Symbionts, mutualists, parasites: Plant-fungus relationships amongst the mycorrhizae and endophytes Relationships between plants and fungi Symbionts (e.g. mycorrhizae) Endophytes Parasites and pathogens Ectovs
Endomycorrhizae 2,000 species of plants -- mainly trees 18 families Gymnosperms: ALL Pinaceae Angiosperms: ALL Fagaceae (beech), Betulaceae (birch), Salicaceae (willow), Dipterocarpoideae (lauan) MOST Myrtaceae (eucalypt) MANY legumes SOME Aceraceae Euphorbiaceae, Rosaceae
Tiliaceae Ulmaceae 7 other families >300,000 species of plants -- both herbaceous and woody 380 families NOT endomycorrhizal many ALL Brassicaceae Commelinaceae (Tradescantia), Juncaceae (rush) Cyperaceaee (sedge) Proteaceae, SOME Amaranthaceae (Celosia),
Caryophyllaceae (carnations), Chenopodiaceae (spinach), Polygonaceae (buckwheat), members of 3 other families MOST ectomycorrhizal spp. Overall, >95% plant species are thought to have mycorrhizal associate Mycorrhizae predominant forms Zygomycete affinities Asco/basidiomycte affinities Direct penetration of
tissues and cells Root cells are surrounded but not invaded Fungi in Rhynie chert, 400MYa Rhynia with Paleomyces Agalophyton with Glomites rhyniensis
General roles of mycorrhizae Mycorrhizal plant can exploit several times the volume of soil available to a non-mycorrhizal plant Environment to plant
Plant to/from fungus Between plants ecological integration Pathogen relations Physical protection Antibiotics Increased plant vigour Mycorrhizae may also
induce antibiotic production by the plant alter the quantity and quality of root exudates affects rhizosphere microflora improve host vigor for improved resistance Mycorrhizae as ecosystem integrators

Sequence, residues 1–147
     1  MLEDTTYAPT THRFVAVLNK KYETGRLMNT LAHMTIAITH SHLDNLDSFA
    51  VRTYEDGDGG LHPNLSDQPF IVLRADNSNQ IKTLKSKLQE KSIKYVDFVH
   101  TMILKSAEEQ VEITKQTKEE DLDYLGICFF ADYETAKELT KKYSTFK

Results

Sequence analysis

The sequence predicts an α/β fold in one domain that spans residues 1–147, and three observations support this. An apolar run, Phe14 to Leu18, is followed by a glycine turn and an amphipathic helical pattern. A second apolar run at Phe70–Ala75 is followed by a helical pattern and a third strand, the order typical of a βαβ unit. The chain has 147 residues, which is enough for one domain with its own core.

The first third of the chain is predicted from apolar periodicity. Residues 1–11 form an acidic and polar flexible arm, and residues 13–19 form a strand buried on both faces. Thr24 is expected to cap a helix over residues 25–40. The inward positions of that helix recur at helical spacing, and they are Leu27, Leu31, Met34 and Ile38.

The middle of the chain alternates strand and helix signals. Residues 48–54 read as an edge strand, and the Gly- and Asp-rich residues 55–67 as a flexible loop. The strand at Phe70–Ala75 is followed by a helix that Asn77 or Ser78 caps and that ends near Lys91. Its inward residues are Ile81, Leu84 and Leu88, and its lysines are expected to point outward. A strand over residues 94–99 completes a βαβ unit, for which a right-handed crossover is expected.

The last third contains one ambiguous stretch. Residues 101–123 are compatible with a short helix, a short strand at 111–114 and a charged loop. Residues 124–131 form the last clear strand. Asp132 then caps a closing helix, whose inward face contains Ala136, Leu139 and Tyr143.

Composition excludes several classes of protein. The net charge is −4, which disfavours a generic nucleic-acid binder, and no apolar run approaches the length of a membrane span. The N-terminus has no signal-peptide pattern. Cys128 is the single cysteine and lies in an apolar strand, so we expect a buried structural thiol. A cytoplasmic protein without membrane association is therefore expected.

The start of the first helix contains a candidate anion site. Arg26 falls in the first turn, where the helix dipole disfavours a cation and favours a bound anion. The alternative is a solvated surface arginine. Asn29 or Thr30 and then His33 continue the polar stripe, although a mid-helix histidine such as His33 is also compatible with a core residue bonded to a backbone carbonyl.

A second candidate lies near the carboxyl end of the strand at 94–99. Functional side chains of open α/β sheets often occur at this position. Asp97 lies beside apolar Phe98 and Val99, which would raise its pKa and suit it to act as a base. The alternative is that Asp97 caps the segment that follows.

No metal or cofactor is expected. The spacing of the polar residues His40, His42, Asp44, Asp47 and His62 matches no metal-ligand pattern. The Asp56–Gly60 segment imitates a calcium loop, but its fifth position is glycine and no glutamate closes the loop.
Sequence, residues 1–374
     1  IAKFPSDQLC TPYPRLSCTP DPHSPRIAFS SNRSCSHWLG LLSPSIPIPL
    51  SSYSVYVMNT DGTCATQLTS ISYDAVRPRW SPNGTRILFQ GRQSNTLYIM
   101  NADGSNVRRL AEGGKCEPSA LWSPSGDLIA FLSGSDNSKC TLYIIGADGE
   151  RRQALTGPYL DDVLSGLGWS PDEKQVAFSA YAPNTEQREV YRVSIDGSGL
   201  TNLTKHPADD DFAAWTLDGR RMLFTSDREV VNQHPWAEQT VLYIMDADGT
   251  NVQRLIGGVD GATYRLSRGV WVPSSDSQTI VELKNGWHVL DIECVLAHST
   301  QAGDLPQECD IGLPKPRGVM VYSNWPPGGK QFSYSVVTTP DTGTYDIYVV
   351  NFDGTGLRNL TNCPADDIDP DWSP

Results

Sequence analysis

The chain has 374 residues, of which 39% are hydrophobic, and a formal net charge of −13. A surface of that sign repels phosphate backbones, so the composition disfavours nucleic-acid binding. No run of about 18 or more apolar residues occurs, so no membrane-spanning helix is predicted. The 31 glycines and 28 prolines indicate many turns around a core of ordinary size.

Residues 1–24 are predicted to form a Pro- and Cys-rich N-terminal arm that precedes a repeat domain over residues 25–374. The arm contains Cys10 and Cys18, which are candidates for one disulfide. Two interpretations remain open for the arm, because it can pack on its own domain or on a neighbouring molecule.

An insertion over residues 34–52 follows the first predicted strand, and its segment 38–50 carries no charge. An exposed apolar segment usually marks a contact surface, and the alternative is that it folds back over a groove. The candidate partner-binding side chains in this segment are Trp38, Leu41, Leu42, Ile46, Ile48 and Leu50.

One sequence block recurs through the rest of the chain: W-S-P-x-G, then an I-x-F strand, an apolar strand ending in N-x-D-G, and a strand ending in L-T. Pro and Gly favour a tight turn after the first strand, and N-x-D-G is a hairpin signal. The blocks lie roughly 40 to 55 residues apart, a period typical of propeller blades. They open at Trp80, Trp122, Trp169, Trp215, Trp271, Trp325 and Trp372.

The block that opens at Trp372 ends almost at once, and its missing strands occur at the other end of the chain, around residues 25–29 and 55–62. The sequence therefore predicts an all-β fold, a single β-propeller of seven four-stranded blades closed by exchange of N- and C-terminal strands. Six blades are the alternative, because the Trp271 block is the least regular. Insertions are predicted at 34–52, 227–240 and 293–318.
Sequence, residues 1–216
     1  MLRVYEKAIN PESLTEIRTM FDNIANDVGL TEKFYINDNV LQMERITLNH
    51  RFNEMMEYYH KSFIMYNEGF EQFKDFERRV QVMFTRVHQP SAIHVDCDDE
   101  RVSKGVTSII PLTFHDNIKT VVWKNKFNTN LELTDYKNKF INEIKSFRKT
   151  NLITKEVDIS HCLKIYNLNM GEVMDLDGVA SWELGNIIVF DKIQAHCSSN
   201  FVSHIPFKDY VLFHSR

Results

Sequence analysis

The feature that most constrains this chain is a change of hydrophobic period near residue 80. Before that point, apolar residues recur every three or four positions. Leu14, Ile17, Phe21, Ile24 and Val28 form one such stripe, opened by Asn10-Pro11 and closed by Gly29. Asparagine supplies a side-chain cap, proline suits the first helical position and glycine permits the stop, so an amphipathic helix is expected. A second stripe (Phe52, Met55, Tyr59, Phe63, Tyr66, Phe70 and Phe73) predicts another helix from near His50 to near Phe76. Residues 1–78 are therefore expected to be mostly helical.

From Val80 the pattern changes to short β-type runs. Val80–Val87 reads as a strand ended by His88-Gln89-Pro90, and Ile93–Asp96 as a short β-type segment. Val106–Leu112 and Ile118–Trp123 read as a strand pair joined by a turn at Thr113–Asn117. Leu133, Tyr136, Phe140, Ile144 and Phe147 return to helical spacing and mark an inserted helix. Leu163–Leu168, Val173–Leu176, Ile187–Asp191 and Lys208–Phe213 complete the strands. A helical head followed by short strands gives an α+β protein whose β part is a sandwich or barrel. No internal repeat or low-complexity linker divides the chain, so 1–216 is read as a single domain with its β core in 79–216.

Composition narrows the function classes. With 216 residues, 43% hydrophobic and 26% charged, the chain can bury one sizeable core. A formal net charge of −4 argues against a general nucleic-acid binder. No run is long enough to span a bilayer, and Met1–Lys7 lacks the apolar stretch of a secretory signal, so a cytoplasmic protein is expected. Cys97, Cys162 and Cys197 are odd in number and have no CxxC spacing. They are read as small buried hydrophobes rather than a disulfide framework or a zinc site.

Major types of mycorrhizae Ectomycorrhizae Arbuscular (endomycorrhizae) Ericoid Orchidoid Arbutoid
Monotropoid Ectomycorrhizae Only on actively growing (feeder) roots)
Persistent months to years Fungal mantle and Hartig net Typically, fungal dikaryomycete symbionts do not produce cellulase Basidiomycetes Amanita, Russula, Suillus, Pisolithus
Ascomycetes Tuber melanosporium Root colonization by ectomycorrhizae Amanita muscaria on Pinus strobus Heterorhizy plant growth substances produced/induced by fungus promote/retain juvenile roots
reduced root hairs prevent wood growth Pisolithus tinctorius has been shown to establish mycorrhizas with ~ 50 different tree species DJ Lodge Ascomycete ectomycorrhiza
Ascomycetes Tuber melanosporum $2000/kg retail fresh Modified apothecium gleba Mycorrhizal on oak, 125g/tree/year, full production in 10yr Cultivation, 1000 trees/hectare, 3m apart Crowded growth leads to faster
fruiting Arbuscular mycorrhizae Common especially on herbaceous plants; some trees e.g. sycamore Formerly Zygomycota/Glomales
now Glomeromycota Large sorocarps and spores produced adjacent to roots, but subterranean Obligate biotrophs, each interaction temporally limited days to weeks Penetrates plant roots
/cells AM root colonization patternCyclical formation of arbuscules followed by degradation *may form vesicles Formerly called Vesicular Srbuscular mycorrhizae
Not all endomycorrhizae form vesicles May be final stage in limited term symbiosis May be characteristic of specific plant:fungus interactions www.apsnet.org/education/IllustratedGlossary/PhotosE-H/endomycorrhiza (Vesicular) arbuscular mycorrhizae